Appearing on NY1 after the arbitrator’s decision, Rosenbury said, “As a principal, I think it’s the least effective teachers who are being protected that are giving the public that impression. And I actually think that the way that the UFT is defending all teachers regardless of their performance is hurting teachers.”

CEC feedback about name changes is required, but not binding. Department of Education regulations say that Chancellor Dennis Walcott gets the final say and Rosenbury said she is undecided about whether she plans to take it up with him next.

If there is ultimately a name change, it wouldn’t be in time to influence this year’s crop of fifth graders. All middle school applications are due on Friday.

a 'meaningful' education?

How a Colorado court case could change how public schools everywhere serve students with special needs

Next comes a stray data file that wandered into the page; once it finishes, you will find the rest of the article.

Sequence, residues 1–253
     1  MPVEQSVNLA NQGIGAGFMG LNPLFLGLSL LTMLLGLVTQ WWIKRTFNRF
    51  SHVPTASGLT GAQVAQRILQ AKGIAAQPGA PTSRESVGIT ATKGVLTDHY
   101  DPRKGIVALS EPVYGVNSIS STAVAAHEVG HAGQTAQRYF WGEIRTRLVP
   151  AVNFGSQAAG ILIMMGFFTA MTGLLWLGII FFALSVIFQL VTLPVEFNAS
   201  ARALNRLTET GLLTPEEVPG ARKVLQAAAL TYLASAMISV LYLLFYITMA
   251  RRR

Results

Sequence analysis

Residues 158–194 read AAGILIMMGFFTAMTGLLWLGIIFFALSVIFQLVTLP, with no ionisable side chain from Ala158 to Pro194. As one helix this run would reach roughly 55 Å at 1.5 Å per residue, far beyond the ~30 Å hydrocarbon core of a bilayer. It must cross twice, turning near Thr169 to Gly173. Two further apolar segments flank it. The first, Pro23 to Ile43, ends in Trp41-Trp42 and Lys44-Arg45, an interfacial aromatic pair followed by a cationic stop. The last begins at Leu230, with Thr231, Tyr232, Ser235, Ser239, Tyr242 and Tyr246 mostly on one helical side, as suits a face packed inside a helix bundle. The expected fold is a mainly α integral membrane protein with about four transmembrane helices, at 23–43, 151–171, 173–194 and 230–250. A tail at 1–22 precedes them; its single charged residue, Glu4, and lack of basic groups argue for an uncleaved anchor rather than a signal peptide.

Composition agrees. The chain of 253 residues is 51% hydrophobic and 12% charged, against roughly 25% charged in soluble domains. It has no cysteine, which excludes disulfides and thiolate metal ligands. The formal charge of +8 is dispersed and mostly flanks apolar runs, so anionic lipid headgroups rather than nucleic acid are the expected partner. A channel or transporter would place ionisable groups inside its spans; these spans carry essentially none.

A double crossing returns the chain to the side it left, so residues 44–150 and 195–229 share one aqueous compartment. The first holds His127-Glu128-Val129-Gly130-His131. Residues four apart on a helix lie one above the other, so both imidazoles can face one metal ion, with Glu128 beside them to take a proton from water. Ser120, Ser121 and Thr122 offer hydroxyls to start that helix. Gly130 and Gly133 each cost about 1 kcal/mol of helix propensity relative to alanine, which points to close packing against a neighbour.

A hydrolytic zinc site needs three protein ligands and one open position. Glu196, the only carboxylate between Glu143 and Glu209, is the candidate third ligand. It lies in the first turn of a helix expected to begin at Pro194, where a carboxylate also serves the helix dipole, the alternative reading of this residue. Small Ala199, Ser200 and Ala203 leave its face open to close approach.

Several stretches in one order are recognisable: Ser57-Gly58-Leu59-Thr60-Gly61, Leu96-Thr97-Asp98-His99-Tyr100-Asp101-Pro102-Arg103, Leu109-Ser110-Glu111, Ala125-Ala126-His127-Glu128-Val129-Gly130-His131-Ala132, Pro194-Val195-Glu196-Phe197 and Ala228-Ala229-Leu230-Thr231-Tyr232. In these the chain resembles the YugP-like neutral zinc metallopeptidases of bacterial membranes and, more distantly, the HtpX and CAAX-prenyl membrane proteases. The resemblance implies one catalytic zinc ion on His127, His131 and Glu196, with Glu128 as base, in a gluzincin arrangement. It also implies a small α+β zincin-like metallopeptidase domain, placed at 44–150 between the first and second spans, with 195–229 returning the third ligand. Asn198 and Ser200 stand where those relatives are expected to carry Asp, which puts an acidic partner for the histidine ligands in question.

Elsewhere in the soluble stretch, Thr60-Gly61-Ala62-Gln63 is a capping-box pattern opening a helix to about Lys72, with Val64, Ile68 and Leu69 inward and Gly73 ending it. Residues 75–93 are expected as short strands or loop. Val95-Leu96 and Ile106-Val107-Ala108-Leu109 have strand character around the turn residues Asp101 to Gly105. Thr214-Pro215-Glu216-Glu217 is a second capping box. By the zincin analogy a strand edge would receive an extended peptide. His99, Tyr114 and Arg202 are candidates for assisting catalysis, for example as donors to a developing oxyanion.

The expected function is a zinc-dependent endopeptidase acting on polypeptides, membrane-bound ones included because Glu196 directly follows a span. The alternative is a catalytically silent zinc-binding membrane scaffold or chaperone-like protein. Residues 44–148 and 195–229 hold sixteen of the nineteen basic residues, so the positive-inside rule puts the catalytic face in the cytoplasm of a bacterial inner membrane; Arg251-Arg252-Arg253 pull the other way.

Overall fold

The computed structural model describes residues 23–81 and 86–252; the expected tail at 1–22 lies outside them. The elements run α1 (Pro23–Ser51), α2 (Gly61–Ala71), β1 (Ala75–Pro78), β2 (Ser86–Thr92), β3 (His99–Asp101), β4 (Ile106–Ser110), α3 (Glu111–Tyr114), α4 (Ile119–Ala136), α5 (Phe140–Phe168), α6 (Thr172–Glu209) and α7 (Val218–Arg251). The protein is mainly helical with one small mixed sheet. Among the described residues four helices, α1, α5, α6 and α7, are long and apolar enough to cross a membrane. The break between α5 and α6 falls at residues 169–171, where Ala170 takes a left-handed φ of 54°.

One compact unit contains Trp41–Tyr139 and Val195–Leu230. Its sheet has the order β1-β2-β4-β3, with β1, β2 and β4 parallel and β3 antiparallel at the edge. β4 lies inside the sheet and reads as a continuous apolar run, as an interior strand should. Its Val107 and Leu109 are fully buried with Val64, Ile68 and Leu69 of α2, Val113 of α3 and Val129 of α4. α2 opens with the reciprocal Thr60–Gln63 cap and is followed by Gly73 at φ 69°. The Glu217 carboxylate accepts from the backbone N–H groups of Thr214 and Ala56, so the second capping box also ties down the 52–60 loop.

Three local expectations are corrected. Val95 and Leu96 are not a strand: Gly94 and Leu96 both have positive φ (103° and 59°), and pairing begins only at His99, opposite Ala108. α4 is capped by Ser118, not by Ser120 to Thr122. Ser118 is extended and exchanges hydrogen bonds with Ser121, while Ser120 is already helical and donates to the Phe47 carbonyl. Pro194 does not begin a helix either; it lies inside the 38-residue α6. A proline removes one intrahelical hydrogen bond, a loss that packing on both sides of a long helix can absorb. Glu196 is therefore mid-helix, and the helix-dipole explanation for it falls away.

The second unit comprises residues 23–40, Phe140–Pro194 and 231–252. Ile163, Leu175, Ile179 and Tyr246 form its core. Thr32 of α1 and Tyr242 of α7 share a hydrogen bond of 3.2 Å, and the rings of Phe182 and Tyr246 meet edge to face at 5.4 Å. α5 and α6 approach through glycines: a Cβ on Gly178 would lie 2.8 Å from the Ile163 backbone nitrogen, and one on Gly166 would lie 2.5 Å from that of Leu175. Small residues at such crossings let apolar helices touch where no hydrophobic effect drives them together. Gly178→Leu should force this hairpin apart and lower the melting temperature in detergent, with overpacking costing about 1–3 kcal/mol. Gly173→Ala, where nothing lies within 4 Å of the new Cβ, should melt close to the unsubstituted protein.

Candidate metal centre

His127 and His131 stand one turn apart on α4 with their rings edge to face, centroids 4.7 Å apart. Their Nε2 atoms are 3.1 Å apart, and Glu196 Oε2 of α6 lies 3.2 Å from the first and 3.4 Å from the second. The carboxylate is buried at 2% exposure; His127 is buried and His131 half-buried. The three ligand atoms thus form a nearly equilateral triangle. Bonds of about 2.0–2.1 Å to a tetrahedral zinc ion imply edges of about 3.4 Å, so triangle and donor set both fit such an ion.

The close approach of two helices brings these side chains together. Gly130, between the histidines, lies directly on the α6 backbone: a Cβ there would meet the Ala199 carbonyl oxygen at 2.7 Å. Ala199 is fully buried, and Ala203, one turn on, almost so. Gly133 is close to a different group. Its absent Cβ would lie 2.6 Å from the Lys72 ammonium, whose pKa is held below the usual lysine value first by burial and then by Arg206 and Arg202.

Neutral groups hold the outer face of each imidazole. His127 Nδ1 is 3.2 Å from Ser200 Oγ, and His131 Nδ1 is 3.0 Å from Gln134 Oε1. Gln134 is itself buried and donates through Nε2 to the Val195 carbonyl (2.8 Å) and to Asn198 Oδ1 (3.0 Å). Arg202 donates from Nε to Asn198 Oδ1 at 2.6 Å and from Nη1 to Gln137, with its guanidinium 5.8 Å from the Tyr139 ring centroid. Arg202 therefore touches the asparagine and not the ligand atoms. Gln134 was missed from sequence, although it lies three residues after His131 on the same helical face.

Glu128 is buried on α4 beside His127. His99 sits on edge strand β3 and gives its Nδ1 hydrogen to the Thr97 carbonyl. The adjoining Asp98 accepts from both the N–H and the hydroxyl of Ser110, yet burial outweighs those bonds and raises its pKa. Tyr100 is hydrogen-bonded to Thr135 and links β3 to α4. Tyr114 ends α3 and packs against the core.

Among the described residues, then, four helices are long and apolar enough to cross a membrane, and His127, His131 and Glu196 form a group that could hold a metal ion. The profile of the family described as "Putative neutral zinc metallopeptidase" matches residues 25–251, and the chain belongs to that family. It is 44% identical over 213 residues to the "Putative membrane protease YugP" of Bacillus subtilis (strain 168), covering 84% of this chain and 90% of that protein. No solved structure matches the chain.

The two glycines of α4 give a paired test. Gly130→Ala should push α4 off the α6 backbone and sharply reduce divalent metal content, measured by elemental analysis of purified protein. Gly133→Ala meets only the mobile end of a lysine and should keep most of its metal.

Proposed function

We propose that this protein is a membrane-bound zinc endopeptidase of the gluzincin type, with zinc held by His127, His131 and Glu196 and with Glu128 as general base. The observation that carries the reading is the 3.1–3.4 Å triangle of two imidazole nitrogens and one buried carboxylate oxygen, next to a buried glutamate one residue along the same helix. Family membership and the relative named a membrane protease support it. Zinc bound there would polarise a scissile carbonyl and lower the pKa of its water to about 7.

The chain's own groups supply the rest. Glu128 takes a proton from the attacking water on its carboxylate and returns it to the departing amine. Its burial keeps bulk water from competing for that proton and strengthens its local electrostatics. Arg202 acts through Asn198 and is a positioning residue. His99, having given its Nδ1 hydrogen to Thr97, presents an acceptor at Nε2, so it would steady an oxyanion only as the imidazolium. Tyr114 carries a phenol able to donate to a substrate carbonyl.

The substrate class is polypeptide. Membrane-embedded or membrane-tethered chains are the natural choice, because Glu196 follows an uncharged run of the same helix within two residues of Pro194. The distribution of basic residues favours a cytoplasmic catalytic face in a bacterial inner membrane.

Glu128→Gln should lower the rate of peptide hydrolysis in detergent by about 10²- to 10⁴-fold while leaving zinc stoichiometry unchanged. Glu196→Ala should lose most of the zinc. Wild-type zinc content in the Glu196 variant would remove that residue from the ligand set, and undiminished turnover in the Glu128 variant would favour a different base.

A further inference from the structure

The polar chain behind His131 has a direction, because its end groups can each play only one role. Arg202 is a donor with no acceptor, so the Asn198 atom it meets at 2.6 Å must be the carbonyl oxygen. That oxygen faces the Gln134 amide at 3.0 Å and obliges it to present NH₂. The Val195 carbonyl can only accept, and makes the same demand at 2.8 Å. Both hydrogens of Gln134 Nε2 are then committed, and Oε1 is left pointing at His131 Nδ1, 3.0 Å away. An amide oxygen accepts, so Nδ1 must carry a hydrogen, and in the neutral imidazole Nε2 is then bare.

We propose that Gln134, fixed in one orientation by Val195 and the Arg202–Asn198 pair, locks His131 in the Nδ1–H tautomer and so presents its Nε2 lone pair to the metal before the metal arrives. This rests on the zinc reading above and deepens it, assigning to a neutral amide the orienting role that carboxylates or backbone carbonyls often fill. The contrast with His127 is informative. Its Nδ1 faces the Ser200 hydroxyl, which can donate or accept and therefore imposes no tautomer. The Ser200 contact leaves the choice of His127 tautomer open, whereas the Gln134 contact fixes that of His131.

Dougco headquarters in Castle Rock (John Leyba/The Denver Post).

The U.S. Supreme Court on Wednesday grappled with the question of what kind of education public schools must provide students with disabilities, hearing arguments in a case that originated with a complaint against a suburban Denver school district and that could have profound implications nationwide.

The case involves a student diagnosed with autism and attention deficit/hyperactive disorder. His parents pulled him out of his Douglas County elementary school, saying he wasn’t making enough progress and the district’s response was lacking.

They enrolled the boy in a private school for children with autism and asked the district to reimburse them for the tuition, arguing their son was due a “free appropriate public education” as required by the 1975 Individuals with Disabilities Education Act.